Once upon a time, as Bill Gates of Microsoft is quoted as saying recently, there were only two noteworthy encyclopedias on the market: the Encyclopaedia Britannica and the World Book Encyclopedia.
Indeed, the 22-volume set of the World Book Encyclopedia sells more copies worldwide to the educational and family market than any other encyclopedia. For generations, its staff in Chicago has been, through careful research, supplying information in a format that is educational both for adults and for children working at home and at school. Its editors have consulted educational psychologists, teachers and children, to find out how and what people search for in the way of information, and how best to present it.
As a result, World Book has developed an encyclopedia whose content and illustrations accurately reflect the user's needs. So successful has the encyclopedia been that its chiefs in the Windy City, like the good rulers in the fairy tale, felt assured that their kingdom, through its excellence, was unassailable.
But Bill Gates, like the fairytale giant, has arrived with an insatiable hunger for business. Belatedly, the regents of Britannica and of World Book realised that in order to survive, they had to equip themselves with the same powerful tools, in particular CD-Roms.
The first multimedia version of the World Book Encyclopedia on CD-Rom came out two years ago. This month sees the launch of the third edition which is over a third as long again as Bill Gates's own Encarta multimedia encyclopedia. It claims to have the fastest search engine in the world, able to pinpoint and display the information requested in a split second. Its interface, showing the control bar and function icons, is both attractive and self-explanatory.
Moreover, extracts from articles can be pasted on to a clipboard and printed selectively. Years of editorial experience and consultation with teachers have led World Book to create a network of more than 60,000 key links between articles. That is, cross-references are made not just by arbitrary word association of names or of nouns, as in most other multimedia encyclopedias, but also by the important concepts underpinning each entry.
A comparison of multimedia encyclopedias on the market today shows that most have resorted to injecting distractions such as "information tours", games and random browsing (termed "funformation" by the trade, and intended to be addictive).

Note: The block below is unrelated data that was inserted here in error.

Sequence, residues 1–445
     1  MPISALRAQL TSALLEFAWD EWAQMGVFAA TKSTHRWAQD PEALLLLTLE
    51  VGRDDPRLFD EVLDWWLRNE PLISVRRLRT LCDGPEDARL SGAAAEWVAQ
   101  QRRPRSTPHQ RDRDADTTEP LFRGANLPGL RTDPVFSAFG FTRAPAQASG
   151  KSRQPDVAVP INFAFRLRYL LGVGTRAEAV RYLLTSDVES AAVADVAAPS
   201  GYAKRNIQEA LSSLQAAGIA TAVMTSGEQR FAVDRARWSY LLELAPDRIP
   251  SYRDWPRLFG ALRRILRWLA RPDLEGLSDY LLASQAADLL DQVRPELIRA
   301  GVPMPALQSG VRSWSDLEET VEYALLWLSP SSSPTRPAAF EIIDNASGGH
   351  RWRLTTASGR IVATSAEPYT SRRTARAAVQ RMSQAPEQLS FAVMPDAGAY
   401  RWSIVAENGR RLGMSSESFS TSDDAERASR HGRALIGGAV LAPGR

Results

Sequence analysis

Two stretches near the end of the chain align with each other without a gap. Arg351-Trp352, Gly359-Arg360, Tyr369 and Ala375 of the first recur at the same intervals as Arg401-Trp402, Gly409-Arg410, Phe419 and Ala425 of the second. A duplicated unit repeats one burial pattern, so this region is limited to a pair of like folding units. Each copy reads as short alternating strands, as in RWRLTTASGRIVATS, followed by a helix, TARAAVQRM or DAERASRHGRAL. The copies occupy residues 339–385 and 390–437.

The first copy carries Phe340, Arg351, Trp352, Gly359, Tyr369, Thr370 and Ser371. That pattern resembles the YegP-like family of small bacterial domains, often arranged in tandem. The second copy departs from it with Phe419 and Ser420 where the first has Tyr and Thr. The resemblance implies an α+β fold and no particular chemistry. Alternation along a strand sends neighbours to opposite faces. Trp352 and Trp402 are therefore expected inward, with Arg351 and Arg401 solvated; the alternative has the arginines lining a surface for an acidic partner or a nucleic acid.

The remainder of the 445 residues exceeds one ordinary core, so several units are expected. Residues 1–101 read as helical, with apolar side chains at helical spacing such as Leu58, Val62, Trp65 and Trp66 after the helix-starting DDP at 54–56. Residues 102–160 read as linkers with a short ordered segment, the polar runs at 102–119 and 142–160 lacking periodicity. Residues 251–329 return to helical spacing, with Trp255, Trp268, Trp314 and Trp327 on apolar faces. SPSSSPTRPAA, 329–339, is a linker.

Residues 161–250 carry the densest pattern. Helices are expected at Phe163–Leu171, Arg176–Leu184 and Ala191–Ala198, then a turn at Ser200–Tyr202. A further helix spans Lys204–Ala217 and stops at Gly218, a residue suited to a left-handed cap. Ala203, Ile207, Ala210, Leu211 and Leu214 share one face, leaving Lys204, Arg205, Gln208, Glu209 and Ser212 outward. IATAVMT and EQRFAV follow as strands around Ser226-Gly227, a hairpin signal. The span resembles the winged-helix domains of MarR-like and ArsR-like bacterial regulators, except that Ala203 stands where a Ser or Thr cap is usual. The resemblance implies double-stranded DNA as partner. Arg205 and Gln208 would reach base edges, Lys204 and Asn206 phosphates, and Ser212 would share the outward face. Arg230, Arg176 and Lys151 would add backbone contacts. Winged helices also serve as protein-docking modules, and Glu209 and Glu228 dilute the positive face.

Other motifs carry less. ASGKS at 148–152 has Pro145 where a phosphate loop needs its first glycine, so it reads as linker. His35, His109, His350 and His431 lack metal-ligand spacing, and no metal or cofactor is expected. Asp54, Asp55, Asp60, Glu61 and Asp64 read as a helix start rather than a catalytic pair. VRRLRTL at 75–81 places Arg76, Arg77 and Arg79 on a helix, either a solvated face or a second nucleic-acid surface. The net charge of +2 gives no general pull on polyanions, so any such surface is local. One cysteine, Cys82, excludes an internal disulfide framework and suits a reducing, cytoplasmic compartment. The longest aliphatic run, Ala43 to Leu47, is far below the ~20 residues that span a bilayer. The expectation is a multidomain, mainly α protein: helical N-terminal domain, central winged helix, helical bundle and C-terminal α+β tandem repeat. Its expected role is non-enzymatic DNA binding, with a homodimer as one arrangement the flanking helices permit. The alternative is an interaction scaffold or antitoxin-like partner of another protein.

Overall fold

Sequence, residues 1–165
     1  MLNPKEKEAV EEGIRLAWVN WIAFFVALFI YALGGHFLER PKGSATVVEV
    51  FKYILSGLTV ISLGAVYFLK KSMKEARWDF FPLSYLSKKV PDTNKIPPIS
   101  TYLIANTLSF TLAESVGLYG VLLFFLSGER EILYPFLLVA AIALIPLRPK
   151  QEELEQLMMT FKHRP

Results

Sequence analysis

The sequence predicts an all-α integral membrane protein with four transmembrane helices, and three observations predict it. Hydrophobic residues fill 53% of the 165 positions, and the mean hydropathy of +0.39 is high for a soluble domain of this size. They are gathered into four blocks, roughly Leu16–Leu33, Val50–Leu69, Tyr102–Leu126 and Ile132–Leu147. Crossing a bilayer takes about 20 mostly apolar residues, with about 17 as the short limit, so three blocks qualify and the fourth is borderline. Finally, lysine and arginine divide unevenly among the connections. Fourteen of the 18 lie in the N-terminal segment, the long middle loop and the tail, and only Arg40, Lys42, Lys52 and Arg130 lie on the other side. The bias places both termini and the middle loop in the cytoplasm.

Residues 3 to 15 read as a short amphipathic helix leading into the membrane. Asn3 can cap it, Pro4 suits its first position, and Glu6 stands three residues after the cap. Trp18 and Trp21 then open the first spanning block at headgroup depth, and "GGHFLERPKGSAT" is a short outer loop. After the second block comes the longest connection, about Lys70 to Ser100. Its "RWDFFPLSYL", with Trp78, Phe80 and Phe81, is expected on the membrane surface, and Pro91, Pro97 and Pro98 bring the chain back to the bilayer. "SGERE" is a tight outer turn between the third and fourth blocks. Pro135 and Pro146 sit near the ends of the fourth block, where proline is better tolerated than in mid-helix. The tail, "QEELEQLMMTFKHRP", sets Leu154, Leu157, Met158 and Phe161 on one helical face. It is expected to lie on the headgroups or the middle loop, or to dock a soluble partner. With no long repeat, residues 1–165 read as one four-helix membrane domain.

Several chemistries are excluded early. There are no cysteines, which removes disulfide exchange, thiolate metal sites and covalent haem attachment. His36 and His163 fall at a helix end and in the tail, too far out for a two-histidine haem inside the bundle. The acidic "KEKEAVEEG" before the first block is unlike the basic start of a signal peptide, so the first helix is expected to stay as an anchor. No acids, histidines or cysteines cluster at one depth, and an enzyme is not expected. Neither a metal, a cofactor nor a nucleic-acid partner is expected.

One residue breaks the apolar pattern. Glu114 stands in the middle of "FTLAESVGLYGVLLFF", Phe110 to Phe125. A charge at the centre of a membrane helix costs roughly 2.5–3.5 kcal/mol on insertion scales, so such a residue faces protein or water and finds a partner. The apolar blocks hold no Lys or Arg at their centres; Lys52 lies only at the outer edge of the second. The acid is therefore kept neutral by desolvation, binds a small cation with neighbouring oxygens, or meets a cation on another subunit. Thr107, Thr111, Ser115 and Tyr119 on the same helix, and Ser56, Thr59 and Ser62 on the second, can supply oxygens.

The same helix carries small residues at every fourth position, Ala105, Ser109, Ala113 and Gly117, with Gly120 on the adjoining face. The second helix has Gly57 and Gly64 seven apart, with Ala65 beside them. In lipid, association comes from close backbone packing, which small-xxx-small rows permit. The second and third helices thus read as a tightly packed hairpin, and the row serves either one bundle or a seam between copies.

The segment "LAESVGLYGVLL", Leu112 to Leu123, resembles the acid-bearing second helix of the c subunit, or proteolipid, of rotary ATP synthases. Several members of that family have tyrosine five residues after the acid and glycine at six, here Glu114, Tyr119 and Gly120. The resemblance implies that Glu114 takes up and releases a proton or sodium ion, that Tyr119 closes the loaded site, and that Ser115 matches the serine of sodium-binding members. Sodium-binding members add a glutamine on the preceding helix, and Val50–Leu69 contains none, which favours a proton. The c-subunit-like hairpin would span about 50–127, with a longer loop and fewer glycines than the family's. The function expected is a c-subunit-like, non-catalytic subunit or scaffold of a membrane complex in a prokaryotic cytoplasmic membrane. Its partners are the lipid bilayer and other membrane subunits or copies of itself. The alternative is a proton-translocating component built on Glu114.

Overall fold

By contrast, World Book has not only carried its formula of short, elegant sentences and information-packed illustrations into its multimedia encyclopedia, but has in addition included guidelines to help teachers and pupils work through the national curriculum.
A book, the National Curriculum Guidelines, is available free on request with each copy of the CD-Rom encyclopedia and lists the attainment targets of every level from 1 to 10 of the curriculum, together with the names of the articles in which the user will find the information explained.
As may be expected from an educational publisher, most of the 6,000 illustrations are teaching tools that go beyond such questions as "What does it look like?" to answer the many "hows" and "whys" taught in schools. Multimedia is exploited to its best advantage in the visual animations that explain complex scientific concepts, and in the photographs and beautiful drawings of natural phenomena.
Characteristically, World Book offers the highest-quality multimedia: its superb picture reproduction employs a higher pixel-resolution on screen, and its enhanced sound quality uses a wider frequency band and less audio-compression than its competitors.
Multimedia really comes into its own when it explains, as it does here in animated form, the flight of a bird or the process of chemical attraction in DNA molecules, or shows a video of a young ballet student demonstrating dance movements.
The only reservations that a British user might have is that, until the international edition of this CD-Rom is issued later this year, the emphasis, especially in the multimedia coverage of 20th-century history, remains disproportionately focused on the United States.
A dictionary of over a quarter of a million terms, giving English and American usage, may be accessed from any part of the encyclopedia.
World Book has guidelines on the use of grammar and, uniquely among these encyclopedias, on how to write effective letters, research and present projects and reports, practise first aid and preserve the environment.
The battle lines have now been drawn between the finely-trained lieutenants in Chicago and Bill Gates in Seattle, with the territory in dispute stretching across the classrooms and homes of the world.
* World of Education - stand C61